Reverend Osman Jesse Fornah, Secretary General of IRC, was quoted saying in line with the expectation of the UN system, there should be a tripartite relationship in the governance system of the country, involving the government, the UN system and the IRC.
“This is the relationship we have enjoyed right from the days of President Ahmad Tejan Kabba of blessed memory. We enjoyed the same relationship with the past government of President Ernest Bai Koroma, which has been very much good and we are still enjoying it,” he said.
“Today, we have a new government that we are calling on to please work with the Inter Religious Council because this council is recognized and we are more than willing to support programs and policies of the government of the day,” he added.
The IRC came to prominence at the height of Sierra Leone’s eleven-year civil war, when religious leaders encouraged the warring factions and participated in negotiations that eventually brought
about peace. Mr Fornah’s appeal comes as international partners seek to enlist religious leaders in efforts to tackle rising political tension stemming from last year’s general election.
Officials say the tension have been exacerbated by the ongoing Commissions of Enquiry which is investigating alleged corruption by former government officials. Through funding from UNESCO and UN Women, the Council is implementing a project called ‘Promoting Peacebuilding and Social Cohesion through Religious Leaders in Post-election Sierra Leone. It entails training of religious leaders who will serve as Peace Ambassadors in communities.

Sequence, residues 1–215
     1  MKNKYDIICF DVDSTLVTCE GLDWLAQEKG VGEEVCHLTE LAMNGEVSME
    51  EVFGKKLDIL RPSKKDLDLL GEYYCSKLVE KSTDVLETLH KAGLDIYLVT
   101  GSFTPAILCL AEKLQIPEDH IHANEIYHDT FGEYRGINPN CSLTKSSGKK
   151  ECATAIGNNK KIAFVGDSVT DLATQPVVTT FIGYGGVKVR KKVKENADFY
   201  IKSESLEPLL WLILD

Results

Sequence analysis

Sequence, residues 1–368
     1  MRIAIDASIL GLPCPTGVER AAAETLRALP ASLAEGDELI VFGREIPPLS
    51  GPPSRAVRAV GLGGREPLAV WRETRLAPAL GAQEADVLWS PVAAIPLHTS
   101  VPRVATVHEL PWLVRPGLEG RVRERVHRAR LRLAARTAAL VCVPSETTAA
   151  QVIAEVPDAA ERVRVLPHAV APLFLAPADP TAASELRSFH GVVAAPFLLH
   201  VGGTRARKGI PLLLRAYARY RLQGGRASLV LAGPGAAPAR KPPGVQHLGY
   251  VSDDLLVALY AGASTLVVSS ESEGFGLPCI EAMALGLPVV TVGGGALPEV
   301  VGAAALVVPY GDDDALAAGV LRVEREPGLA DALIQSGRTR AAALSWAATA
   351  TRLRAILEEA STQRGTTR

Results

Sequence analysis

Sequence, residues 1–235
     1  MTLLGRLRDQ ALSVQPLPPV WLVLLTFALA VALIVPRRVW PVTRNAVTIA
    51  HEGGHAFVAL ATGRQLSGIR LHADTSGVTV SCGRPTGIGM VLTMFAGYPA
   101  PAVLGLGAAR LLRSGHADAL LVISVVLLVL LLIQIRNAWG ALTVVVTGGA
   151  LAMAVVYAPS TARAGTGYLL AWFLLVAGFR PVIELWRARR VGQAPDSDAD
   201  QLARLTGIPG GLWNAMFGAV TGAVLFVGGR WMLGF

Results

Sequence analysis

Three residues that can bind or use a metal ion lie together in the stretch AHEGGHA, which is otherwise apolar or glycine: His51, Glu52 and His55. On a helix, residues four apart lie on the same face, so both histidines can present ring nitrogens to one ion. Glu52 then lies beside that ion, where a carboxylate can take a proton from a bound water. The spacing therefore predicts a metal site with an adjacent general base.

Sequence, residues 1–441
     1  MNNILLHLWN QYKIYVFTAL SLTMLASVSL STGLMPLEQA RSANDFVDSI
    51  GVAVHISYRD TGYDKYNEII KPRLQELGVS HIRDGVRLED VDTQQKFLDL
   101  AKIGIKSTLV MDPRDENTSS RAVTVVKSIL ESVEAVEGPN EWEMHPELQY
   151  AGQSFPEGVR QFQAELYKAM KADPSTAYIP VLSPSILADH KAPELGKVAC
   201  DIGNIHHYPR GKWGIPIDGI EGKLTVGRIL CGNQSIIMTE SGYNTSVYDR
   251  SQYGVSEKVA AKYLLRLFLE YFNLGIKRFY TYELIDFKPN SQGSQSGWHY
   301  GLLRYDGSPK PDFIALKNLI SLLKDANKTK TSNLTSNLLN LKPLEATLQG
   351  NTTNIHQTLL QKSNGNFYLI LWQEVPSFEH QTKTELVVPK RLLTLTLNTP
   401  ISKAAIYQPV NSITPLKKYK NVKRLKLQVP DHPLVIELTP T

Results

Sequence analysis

According to Rev. Fornah, the role played by the Council in ending that war encouraged the UN system to see the value of religious leaders in the promotion of peace around the world. And in Sierra Leone, he noted, the Council was given the nomenclature of Moral Guarantors of the peace in the country.
Fornah noted that the IRC is not just a national organization, but also an international one given its membership in the international umbrella organization known as Religion for Peace, headquartered in New York, US. Sierra Leone, he said, is the 34th chapter of that organization whose membership exists in over 100 countries around the world. Following the March 2018 elections and the emerging issues that threatened the country’s peace, the new government set up a committee that included the IRC, which went round the country to mediate in affected communities.
Mr Fornah said they expected the council to continue to play such roles in the current dispensation, noting that as religious leaders they should not just be called to pray at the starting and end of
meetings. “We have to go beyond that point. Since we are called the moral guarantors of the peace of this country, our main interest in Sierra Leone is to ensure that we maintain the peace that we worked for so hardly,” he said.